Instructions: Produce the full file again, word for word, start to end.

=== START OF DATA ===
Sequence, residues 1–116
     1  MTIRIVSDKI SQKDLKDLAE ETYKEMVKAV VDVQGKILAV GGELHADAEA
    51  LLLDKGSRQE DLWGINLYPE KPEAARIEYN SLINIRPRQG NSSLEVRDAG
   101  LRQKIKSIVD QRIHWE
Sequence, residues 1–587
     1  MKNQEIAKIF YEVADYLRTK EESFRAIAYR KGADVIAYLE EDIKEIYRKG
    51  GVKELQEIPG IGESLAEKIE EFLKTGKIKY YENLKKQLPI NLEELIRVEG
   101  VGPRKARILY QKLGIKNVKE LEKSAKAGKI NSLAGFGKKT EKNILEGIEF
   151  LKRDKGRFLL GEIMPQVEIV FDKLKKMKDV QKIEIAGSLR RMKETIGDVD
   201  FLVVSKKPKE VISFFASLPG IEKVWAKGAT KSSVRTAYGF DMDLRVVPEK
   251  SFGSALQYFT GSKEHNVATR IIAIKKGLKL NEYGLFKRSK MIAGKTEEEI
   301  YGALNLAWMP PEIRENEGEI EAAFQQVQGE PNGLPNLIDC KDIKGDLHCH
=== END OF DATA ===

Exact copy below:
Sequence, residues 1–116
     1  MTIRIVSDKI SQKDLKDLAE ETYKEMVKAV VDVQGKILAV GGELHADAEA
    51  LLLDKGSRQE DLWGINLYPE KPEAARIEYN SLINIRPRQG NSSLEVRDAG
   101  LRQKIKSIVD QRIHWE
Sequence, residues 1–587
     1  MKNQEIAKIF YEVADYLRTK EESFRAIAYR KGADVIAYLE EDIKEIYRKG
    51  GVKELQEIPG IGESLAEKIE EFLKTGKIKY YENLKKQLPI NLEELIRVEG
   101  VGPRKARILY QKLGIKNVKE LEKSAKAGKI NSLAGFGKKT EKNILEGIEF
   151  LKRDKGRFLL GEIMPQVEIV FDKLKKMKDV QKIEIAGSLR RMKETIGDVD
   201  FLVVSKKPKE VISFFASLPG IEKVWAKGAT KSSVRTAYGF DMDLRVVPEK
   251  SFGSALQYFT GSKEHNVATR IIAIKKGLKL NEYGLFKRSK MIAGKTEEEI
   301  YGALNLAWMP PEIRENEGEI EAAFQQVQGE PNGLPNLIDC KDIKGDLHCH